Against that legal setting, the Court had to examine the basis for the IR's decision to uphold the ASA's original adjudication.

The Court's conclusions

The Court was satisfied that the IR had neither erred in law nor been irrational in reaching his decision to uphold the original ASA adjudication. The ASA had been entitled to decide that Tesco's price comparisons were fair and not misleading.

In the view of the Court, the approach suggested by Sainsbury's to dealing with the effect of non-price factors on the comparison was too inflexible to accord with the relevant law. The ASA had been entitled to form its own judgment on the facts on a common sense basis without having to conduct independent consumer research of its own and the IR was right to accept that approach. Also, the mere fact that one party's product might have an official accreditation from a relevant body as being ethically produced whereas another's did not, was not an automatic bar to making a price comparison.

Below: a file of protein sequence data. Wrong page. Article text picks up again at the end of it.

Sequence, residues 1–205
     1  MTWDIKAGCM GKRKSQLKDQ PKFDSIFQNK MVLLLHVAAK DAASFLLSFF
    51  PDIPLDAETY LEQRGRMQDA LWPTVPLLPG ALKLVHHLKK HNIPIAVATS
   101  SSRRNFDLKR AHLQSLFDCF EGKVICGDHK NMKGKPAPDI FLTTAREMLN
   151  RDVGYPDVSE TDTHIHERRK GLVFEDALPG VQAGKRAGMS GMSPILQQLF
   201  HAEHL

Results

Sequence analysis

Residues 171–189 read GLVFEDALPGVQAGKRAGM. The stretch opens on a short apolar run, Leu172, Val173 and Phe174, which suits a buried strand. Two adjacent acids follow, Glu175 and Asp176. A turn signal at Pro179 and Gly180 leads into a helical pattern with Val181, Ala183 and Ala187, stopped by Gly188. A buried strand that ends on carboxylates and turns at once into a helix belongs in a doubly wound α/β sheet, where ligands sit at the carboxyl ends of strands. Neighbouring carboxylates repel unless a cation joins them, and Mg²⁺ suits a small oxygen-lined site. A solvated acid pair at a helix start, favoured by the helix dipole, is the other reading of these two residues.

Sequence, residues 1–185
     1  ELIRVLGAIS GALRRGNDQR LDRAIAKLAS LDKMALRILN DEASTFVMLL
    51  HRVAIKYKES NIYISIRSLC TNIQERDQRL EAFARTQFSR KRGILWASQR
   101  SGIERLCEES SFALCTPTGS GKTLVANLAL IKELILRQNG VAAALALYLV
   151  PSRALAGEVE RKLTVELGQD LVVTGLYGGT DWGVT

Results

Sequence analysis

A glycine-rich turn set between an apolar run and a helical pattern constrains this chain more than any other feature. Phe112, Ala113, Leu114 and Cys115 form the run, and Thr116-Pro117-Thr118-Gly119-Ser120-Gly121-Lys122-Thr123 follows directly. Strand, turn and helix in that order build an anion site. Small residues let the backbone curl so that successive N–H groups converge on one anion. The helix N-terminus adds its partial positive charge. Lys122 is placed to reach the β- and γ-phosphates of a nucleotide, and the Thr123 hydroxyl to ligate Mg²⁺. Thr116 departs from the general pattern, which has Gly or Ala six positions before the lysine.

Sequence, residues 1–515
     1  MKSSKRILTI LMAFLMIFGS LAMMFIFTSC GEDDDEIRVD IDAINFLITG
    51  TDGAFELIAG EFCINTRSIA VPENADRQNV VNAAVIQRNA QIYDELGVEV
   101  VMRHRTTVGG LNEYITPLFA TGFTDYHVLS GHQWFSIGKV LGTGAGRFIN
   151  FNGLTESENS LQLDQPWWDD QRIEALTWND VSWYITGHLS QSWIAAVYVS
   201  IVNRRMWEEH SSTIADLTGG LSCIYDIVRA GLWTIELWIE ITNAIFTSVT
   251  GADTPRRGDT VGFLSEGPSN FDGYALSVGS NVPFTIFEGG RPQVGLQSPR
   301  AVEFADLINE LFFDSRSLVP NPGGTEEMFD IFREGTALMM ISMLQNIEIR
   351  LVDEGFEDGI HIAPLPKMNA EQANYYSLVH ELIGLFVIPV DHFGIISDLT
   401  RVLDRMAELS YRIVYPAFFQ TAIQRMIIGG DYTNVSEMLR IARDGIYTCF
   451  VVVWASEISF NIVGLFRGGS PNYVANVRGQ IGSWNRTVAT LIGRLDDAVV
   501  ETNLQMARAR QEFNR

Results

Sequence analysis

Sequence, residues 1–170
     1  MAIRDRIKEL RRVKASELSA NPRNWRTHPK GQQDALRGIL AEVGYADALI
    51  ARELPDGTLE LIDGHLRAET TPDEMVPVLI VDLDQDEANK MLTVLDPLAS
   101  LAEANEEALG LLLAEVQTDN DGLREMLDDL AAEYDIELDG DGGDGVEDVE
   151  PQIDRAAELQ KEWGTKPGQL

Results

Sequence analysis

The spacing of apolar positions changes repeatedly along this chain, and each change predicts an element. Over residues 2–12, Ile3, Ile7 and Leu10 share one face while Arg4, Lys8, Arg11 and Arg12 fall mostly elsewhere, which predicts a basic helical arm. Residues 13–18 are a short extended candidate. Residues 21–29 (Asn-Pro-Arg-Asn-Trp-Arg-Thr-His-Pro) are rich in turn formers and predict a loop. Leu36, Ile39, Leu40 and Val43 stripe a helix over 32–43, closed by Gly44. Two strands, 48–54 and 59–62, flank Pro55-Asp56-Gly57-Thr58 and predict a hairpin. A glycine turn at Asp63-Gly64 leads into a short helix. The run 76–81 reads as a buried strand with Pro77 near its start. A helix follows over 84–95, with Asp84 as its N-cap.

Finally, the Court also dismissed the argument about the effect of Tesco's "We're changing" campaign on the comparisons in the Price Promise campaign.

Although the Court's ruling in the Sainsbury's case is not strictly speaking a decision about comparative advertising law, but rather the lawfulness of the decision made by the IR, the case nevertheless demonstrates that great care is needed when making price comparisons for advertising purposes. It is very important to consider the qualities and features of the goods concerned and examine all possible grounds for competitors to challenge the comparison. It would appear in this case that Tesco managed to do that successfully – much to the displeasure of its rival!

The content of this article is intended to provide a general guide to the subject matter. Specialist advice should be sought about your specific circumstances.